Figure 3(right) shows the erosive dentin wear (μm) of the blocks treated with different solutions after the samples were subjected to erosion cycles. The erosive dentin wear(μm) of blocks treated with different solutions respectively is 8.23 (0.55), 7.77 (0.07), 7.56 (0.39), 5.29 (0.61), 3.28(0.33) and 2.62 (0.99) after erosion cycles. The erosive dentin wear(μm) was reduced in EGCG/CHX/TFs groups compared with the negative control (10% EtOH) (all P < 0.05). 1% EGCG/CHX/TFs groups showed similar erosive dentin wear (P > 0.05). At low concentrations (< 2%), the reducing erosive dentin wear (μm) effect of TFs was concentration-dependent (P < 0.05). The specimens treated with 4% and 8% TFs exhibited the least erosive dentin wear (all P < 0.05).
The SEM images (Fig. 4) showed that the occlusion of dentinal tubules was obvious in the 1% EGCG/CHX/TFs treated group, and the collagen structure was preserved, whereas most of the dentinal tubules in the negative control (10%EtOH) group were completely exposed, and the collagen structure was completely destroyed. Although a similar erosion state was observed on the surface of dentin blocks in each group, the negative control group showed more severe erosion.
Interaction between TFs and MMP
The endogenous MMP activity in the untreated and treated groups was assessed by CLSM and in situ zymography. The representative images (left) by in situ zymography and relative green fluorescence intensity of the endogenous MMP activity (right) in the untreated and treated groups showed in Fig. 5. The untreated group showed the largest green fluorescence intensity, which indicates that MMP has the strongest activity. The green fluorescence intensity of the EGCG, CHX, and TFs groups was significantly lower than that of the untreated control group (all P < 0.05). Moreover, the activity of MMP could not be significantly decreased with the increase in TFs-treatment concentration (P > 0.05).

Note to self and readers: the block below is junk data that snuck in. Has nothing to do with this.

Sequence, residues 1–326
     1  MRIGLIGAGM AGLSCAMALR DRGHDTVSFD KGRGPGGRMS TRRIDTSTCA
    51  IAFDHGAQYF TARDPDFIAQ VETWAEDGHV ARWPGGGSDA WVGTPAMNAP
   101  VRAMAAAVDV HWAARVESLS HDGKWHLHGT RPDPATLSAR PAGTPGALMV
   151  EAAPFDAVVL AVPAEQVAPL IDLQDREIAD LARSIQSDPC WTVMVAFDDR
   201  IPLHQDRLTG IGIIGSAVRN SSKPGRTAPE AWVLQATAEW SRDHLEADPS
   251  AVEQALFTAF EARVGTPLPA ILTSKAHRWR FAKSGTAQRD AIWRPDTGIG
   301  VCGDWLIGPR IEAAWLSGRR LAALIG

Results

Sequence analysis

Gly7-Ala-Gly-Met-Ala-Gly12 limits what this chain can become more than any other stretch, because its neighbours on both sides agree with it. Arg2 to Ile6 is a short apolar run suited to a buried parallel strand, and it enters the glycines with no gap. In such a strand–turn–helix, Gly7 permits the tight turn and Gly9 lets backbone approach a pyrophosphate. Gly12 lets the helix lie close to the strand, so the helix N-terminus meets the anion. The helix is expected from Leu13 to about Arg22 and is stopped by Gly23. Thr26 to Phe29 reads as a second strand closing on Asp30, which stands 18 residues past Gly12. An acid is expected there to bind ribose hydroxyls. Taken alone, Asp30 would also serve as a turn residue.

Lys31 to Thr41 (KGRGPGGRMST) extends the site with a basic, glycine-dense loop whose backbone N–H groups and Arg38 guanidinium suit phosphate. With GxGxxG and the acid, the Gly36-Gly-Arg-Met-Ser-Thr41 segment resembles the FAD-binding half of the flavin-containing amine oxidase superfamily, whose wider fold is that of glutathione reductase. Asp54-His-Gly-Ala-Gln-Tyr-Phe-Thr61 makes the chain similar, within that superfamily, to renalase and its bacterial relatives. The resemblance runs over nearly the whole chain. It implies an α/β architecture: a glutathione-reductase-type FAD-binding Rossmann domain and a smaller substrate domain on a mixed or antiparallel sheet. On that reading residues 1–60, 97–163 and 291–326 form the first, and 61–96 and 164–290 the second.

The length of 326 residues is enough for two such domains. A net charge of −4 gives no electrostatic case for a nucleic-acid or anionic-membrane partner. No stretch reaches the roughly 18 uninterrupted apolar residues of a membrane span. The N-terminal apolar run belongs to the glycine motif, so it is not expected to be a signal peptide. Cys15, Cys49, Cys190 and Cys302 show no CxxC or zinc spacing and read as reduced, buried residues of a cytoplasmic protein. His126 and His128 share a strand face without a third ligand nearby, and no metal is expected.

Docking results provided us with information about its mechanism, including binding mode, key amino acids, and intermolecular forces, the docking data are summarized in Table 1 and Fig. 6.The minimum binding energy from 100 docking results between MMP-2 and TF1, TF2A, TF2B, and TF3 respectively is -7.77, -5.17, -5.93, and -3.92 kcal/mol. Moreover, the minimum binding energy between MMP-9 and TF1, TF2A, TF2B, and TF3 respectively is -10.48, -9.66, -10.25, and -10.31 kcal/mol. The binding energies of all complexes are thermodynamically favorable, indicating that these interactions can proceed spontaneously.
Interaction between TFs and dentin collagen
The strips treated with different concentrations of TFs exhibited significantly higher μUTS values (15.86 (3.19), 20.08 (5.29), 26.67(6.31), and 25.51(4.97) MPa for 1%, 2%, 4%, and 8%, respectively) than the control group(9.74 (2.03) MPa for 10% EtOH) (all P < 0.05). The μUTS value of 2%, 4%, and 8% TFs was significantly higher than those of 1% (all P < 0.05).
Figure 7 shows the FT-IR spectra of dentin collagen before and after TFs-treated. The three peaks located at 1640, 1539, and 1235 cm-1 represent the characteristic amides I, II, and III bands of collagen, respectively. The decreased intensity of the band is observed at ~ 1400 cm−1 for TFs-treated collagen, and the broadening of amide I (~ 1640 cm-1) to lower wavenumbers was observed.